I am (perhaps unsurprisingly) a constant customer of Baen Books, both in the era of its founding by Jim Baen and now under the able leadership of Toni Weisskopf. They print books that entertain me, though the Baen logo is neither a necessary nor a sufficient guarantee that I will be entertained. In the past year or so, a cultural conflict in the Science Fiction domain has brewed up, another theater in the overall culture war. Diatribes have been written, ably and poorly, by all combatants as well as their allied hosts. Toni has this particular one, and Sarah Hoyt has reprinted it someplace I can easily link to. Itâ€™s long, and a lot of it is domain-specific, but the conclusion has relevance to the RKBA culture war. Emphasis is mine
But are the popular awards worth fighting for? Iâ€™m not sure our side has ever really tried, though there are indications that previous attempts to rally readers of non-in-group books were thwarted in ways that were against the rules of the game. And yet, to quote Heinlein, â€œCertainly the game is rigged. Donâ€™t let that stop you. If you donâ€™t bet, you canâ€™t win.â€
I think the problem is that folks just really feel they have no possible conversation with the other side any more, that the battle for this part of the culture isnâ€™t worth fighting. And I think again SF is mirroring the greater American culture. Our country is different because it, like science fiction fandom, was built around an ideaâ€”not geographic or linguistic accident, but an ideaâ€”we hold these truths to be self evident. And it is becoming more and more obvious that the two sides of American culture no longer share a frame of reference, no points of contact, no agreement on the meaning of the core ideas.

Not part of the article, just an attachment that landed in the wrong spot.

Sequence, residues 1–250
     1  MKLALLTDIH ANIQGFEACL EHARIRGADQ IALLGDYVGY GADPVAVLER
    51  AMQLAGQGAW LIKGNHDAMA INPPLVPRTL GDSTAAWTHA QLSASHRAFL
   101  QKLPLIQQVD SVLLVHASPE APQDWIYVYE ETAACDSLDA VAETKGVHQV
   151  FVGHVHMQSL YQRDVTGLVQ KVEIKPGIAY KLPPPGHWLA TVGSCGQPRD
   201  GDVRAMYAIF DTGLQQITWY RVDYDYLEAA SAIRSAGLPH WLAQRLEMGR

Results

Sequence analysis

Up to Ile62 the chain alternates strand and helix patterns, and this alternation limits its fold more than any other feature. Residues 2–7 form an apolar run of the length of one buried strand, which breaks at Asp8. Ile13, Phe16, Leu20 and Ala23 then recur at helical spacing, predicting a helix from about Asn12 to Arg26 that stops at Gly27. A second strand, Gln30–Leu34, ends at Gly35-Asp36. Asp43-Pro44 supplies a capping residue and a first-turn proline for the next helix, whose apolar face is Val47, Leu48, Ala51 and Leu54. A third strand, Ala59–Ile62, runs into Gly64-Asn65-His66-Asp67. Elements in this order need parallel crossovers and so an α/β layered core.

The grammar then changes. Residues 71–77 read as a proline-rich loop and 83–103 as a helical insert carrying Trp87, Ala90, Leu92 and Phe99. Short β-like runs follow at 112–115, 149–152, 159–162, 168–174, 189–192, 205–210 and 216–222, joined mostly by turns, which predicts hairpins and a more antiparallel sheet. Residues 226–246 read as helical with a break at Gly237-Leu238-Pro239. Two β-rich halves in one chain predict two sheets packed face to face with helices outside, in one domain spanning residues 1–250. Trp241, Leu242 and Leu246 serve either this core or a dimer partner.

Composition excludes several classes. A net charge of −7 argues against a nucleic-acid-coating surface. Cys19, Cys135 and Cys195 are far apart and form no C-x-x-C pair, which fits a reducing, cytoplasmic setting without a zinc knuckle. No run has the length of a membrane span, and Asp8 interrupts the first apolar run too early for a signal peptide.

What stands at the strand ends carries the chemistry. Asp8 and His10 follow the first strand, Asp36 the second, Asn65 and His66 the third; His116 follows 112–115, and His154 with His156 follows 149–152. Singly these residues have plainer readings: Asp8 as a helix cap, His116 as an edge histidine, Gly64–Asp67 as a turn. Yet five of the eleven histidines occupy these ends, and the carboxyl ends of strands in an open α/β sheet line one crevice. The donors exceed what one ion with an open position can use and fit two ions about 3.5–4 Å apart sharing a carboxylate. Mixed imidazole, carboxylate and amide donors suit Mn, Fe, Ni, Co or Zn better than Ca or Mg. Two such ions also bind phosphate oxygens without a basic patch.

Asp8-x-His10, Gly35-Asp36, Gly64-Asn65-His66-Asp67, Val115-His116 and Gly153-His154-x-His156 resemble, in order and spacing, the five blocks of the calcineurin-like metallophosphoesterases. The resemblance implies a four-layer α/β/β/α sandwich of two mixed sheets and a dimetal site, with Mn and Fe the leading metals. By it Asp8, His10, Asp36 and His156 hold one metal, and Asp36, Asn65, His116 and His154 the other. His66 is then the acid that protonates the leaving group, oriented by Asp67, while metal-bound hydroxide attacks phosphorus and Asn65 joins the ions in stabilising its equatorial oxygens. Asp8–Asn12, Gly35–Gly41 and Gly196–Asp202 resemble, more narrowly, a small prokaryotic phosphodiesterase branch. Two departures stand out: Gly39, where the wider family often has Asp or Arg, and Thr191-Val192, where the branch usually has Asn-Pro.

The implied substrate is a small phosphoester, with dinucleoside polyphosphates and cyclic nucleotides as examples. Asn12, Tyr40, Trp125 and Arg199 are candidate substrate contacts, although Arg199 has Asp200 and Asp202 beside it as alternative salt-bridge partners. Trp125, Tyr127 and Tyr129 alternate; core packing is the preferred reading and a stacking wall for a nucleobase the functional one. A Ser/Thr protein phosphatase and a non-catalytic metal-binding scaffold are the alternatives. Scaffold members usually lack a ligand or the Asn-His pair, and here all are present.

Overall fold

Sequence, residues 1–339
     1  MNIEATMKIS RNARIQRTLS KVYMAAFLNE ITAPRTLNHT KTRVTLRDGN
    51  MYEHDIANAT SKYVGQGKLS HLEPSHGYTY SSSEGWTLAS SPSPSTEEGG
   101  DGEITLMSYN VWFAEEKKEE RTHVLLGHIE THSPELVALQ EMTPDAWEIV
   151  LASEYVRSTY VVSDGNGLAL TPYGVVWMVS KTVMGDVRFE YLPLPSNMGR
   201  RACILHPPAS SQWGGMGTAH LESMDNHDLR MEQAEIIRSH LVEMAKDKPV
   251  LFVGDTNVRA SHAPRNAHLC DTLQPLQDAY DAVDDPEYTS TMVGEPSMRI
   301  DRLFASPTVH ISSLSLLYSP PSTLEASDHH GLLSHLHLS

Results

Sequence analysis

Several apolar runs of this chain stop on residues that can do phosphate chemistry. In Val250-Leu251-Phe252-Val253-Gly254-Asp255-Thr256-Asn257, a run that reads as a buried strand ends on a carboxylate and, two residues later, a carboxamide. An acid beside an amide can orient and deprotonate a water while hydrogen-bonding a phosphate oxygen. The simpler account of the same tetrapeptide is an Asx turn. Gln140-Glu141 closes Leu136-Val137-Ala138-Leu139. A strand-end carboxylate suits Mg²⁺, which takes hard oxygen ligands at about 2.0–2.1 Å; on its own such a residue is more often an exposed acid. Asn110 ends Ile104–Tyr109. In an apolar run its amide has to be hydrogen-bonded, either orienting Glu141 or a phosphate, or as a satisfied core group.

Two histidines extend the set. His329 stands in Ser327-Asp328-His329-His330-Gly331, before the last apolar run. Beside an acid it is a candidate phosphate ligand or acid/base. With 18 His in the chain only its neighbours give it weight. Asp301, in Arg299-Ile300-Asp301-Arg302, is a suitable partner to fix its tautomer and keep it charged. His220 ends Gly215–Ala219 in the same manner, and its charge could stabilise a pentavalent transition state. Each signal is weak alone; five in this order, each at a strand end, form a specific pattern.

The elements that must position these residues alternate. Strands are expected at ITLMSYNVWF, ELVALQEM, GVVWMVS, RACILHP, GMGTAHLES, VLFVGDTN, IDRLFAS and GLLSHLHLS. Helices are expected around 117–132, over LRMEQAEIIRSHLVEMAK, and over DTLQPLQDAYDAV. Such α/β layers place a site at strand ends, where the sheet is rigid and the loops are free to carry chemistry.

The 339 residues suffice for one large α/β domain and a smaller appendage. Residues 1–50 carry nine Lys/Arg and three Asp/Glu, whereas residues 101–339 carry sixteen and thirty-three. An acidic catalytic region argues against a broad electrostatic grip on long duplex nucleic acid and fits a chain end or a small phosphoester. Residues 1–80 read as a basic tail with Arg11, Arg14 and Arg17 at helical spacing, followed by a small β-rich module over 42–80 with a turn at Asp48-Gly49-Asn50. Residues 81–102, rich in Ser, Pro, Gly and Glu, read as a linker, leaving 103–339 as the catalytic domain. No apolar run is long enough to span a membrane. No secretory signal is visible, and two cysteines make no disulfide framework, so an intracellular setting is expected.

And yet, I canâ€™t help but think that at some point, you have to fight or you will have lost the war. The fight itself is worth it, if only because honorable competition and conflict leads to creativity, without which we, science fiction, as a unique phenomenon, die.
This is why I blog, I engage in arguments and debates (and a little bit of trolling as well) in comment sections and on Facebook (and on Twitter back when I still had the energy). You have to fight or you will have lost the war. Despite the famous line, they can take our freedoms. But we have to remember what the actual objective is. The objective is not to crush your enemies, see them driven before you, or hear the lamentations of their supporters. That might be a side effect, but the objective is to regain our freedoms and build the institutions that will support and protect them in the coming generations. And to do that we have to convince the undecided. To do that, we have to engage, have discussions with outsiders where it can be seen. And, of course, we have to both be and appear to be correct and reasonable.